A 33-year-old man was given a prison sentence last Friday at Craigavon Magistrates Court and his 73-year-old mother was given a suspended sentence for motoring offences.
They were Frances Ann McConnell (73) and James McConnell (33), both of Princes Way, Portadown.
James McConnell was sentenced to two months in prison for driving while disqualified and a concurrent two month term was imposed for not having insurance.
He was also banned from driving for eight months.
For aiding and abetting him to drive while he was disqualified Frances Ann McConnell was sentenced to two months in prison, suspended for 12 months, and banned from driving for six months.
She was fined £200, ordered to pay a £15 offender’s levy and disqualified for six months for permitting him to drive uninsured.
The court heard that on April 25 this year a police patrol in Bridge Street in Portadown checked a car and this showed there was no insurance policy in place.
They saw the car stop in Thomas Street and a woman got out of the front passenger seat and went into a doctor’s practice.
James McConnell was the driver and he had been banned from driving for a year on August 10, 2018.
He admitted that he was a disqualified driver and he did not have insurance.
McConnell told police that he was sorry and that there were a lot of things going on in his personal life.
When interviewed his mother said that she was very ill and needed transport to get her up to her doctor’s appointment.
Barrister David McKeown, representing both defendants, said James McConnell accepted he should not have been driving and the absence of a pre-sentence report in his case made sentencing very difficult.
He added that this was the defendant’s third conviction and he seemed to have developed a problem over the last number of years which was why he missed his second appointment with probation.
Mr McKeown said that Frances McConnell had only one previous conviction which was 18 years ago but not a relevant record.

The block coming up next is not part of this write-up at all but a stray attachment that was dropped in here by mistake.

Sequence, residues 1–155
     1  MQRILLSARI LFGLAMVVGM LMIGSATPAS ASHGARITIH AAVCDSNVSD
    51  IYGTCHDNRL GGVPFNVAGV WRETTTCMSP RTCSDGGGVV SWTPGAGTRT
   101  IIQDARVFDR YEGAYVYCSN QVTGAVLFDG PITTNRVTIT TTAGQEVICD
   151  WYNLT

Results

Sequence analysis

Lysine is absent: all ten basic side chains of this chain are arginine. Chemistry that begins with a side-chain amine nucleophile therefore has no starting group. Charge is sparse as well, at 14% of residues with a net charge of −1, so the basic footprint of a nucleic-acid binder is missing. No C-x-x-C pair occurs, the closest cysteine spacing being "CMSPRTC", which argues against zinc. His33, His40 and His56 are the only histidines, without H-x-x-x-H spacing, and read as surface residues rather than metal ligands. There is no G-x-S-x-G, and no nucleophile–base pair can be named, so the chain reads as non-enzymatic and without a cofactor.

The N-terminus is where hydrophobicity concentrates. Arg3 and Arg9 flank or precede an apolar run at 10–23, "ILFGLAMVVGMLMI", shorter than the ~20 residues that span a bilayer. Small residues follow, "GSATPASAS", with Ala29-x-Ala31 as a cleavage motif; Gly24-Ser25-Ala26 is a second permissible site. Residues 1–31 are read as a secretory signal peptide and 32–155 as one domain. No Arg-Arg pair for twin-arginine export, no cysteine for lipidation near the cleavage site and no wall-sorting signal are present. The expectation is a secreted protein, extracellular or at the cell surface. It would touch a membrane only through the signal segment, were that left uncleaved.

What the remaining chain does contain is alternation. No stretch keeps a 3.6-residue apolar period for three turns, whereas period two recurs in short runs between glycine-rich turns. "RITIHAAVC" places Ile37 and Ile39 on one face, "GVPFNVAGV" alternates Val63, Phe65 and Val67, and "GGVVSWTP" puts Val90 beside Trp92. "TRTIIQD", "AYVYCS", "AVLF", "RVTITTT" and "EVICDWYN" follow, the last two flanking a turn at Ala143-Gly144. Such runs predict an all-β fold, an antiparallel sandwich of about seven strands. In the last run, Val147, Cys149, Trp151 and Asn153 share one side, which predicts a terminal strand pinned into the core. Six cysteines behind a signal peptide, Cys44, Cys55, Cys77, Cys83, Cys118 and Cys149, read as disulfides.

District Judge, Mrs Bernie Kelly, said an alcoholic was driving this vehicle regularly and she was facilitating it, putting members of the public at risk.
Mrs McKeown said she now knew the seriousness of the offence for herself and her son and she was unlikely to come before the court again.
Judge Kelly said that driving while disqualified was a very serious offence particularly by someone who had been disqualified for driving under the influence which demonstrated he did not care for any road users.
“She was happy to collude with what happened, to agree to that and put other human beings at risk,” she added. “Given her background that shocks me.”
Judge Kelly also said that James McConnell could not refrain from his consumption of alcohol long enough to attend an appointment with probation which gave her no options to immediate custody.
After he was sentenced McConnell sat down beside his mother and when prison staff asked him to come with them he said: “Am I going to prison?”
Judge Kelly replied: “Yes, were you not listening to me?”
Later in the court he was released on his own bail of £250 to appeal against the sentencing.
Conditions of bail include a curfew from 8pm to 6am, a complete alcohol ban and he is not to be in the front seat of any motor vehicle.